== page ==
From September 4, 1995, The Mall became a venue for live television for the first time. Time-Warner owned professional wrestling company World Championship Wrestling set up in the building for the Inaugural edition of WCW Monday Nitro. This debut broadcast on Turner Network Television, along with later editions broadcast from the Mall, would go onto compete with The World Wrestling Federation
During its run as an all encompassing entertainment and retail venue, certain aspects-most notably bars-have come under scrutiny. A Mardi Gras themed bar, Fat Tuesdays, shut its doors in early 2000 due to indecent exposure and alcohol related offenses, for ignoring warnings from the mall and Bloomington police to not repeat incidents caught on tape the year before. Following that verdict were other problems, such as foot traffic within the Mall after the bars (all located on the fourth floor) had closed for the evening. The Mall storefronts were closed, however. The Hooters restaurant and the AMC movie theatre are the only establishments remaining on the fourth floor.
In 2003, after a protracted six year legal battle between Simon Property Group, the managing general partner of the property, and the Ghermezian brothers/Triple Five Group, over majority ownership of the site, a federal appeals judge ruled in favor of the Ghermezians, effectively transferring control and planning authority of the mall back to its original conceptualizer. The dispute stemmed from a 1999 purchase of Teacher's Insurance 27.5% equity stake by Simon Properties, giving them majority ownership. The Ghermezians claimed they were never told of the deal and sued Simon, citing fiduciary responsibility.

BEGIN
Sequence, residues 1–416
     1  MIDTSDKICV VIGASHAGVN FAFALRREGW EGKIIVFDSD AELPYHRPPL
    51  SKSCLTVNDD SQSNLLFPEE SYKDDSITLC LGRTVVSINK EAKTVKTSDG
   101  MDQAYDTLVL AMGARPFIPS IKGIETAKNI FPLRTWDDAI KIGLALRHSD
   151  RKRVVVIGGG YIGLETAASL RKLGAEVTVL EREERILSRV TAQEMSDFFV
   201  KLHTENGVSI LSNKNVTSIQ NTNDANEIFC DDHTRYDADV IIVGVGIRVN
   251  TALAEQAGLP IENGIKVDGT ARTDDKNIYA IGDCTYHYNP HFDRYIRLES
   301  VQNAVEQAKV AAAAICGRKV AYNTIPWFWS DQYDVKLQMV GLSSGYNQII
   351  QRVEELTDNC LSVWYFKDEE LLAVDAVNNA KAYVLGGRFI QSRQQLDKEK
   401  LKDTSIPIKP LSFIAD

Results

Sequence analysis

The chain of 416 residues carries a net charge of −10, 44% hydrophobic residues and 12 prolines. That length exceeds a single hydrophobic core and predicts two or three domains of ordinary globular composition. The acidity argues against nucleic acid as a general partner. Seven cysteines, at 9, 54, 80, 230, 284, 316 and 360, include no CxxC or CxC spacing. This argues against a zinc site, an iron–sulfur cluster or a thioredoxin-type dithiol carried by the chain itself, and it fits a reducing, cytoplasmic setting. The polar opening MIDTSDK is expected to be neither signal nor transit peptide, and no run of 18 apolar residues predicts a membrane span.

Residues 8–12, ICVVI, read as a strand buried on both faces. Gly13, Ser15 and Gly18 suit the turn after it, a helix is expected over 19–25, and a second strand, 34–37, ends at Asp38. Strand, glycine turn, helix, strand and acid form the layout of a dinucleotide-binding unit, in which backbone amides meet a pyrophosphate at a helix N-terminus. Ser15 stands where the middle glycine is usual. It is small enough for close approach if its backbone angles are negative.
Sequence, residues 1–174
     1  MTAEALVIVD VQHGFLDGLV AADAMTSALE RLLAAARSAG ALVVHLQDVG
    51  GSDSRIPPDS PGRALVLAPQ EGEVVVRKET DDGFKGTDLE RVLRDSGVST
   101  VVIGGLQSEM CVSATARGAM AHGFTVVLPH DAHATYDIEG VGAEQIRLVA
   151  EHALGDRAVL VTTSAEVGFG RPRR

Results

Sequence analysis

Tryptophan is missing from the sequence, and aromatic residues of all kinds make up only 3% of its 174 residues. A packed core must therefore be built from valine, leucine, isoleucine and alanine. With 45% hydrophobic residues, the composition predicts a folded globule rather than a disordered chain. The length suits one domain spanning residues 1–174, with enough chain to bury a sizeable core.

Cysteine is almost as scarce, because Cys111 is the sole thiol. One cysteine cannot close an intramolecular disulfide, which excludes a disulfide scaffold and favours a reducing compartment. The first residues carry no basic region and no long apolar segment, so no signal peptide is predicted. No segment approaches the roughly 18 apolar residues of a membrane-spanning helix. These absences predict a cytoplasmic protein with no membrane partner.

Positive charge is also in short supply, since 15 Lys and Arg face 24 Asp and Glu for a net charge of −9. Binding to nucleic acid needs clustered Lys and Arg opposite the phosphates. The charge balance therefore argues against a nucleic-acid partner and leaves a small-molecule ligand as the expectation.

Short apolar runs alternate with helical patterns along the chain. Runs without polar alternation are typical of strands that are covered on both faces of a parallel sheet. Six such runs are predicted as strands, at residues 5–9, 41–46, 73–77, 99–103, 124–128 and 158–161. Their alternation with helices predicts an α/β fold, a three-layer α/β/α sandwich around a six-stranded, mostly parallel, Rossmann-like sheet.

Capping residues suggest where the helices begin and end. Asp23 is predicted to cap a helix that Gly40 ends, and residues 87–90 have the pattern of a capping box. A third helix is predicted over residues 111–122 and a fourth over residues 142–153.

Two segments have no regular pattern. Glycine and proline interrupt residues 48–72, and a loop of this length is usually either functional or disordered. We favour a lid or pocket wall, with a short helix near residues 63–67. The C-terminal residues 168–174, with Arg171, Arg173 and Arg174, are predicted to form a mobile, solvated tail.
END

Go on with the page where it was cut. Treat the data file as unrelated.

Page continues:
On November 3, 2006, the Ghermezians gained full control of Mall of America, spending US$1 billion to do so. The ruling cleared the way for Triple Five to begin work on what is being called "Phase II".
MOA currently estimates costs of $1.9 billion for the expansion, doubling the mall's size with a 5.2 million-square-feet extension. The mall's developers have asked for $234 million in state and local subsidies, but the request was vetoed as part of a larger bill by Gov. Tim Pawlenty on its first appearance in the 2006-07 session. Questions have arisen among Bloomington city officials as to the fiscal ability of the Ghermezians to finish Phase II.
In the meantime, MOA has signed contracts to bring in Great Wolf Resorts as the waterpark operator, as well as Bass Pro Shops and a Kimpton Hotel. The expansion section will connect to the mall on all four levels, and the IKEA via a second level bridge. There will be a NHL-sized arena for public & private skating. There will also be an additional parking ramp, adding 8,000 parking spaces.
There will also be fine art exhibits planned in the expansion, two upscale department stores, and a casino. Another plan that was in the works would have been fashions, architecture, and restaurants based after Europe.
On May 18, 2008, the Minnesota State Legislature passed a bill granting the city of Bloomington the right to raise property and sales taxes to pay for the MOA expansion.
Nostalgic artifacts or memorials:
Twin Cities public events: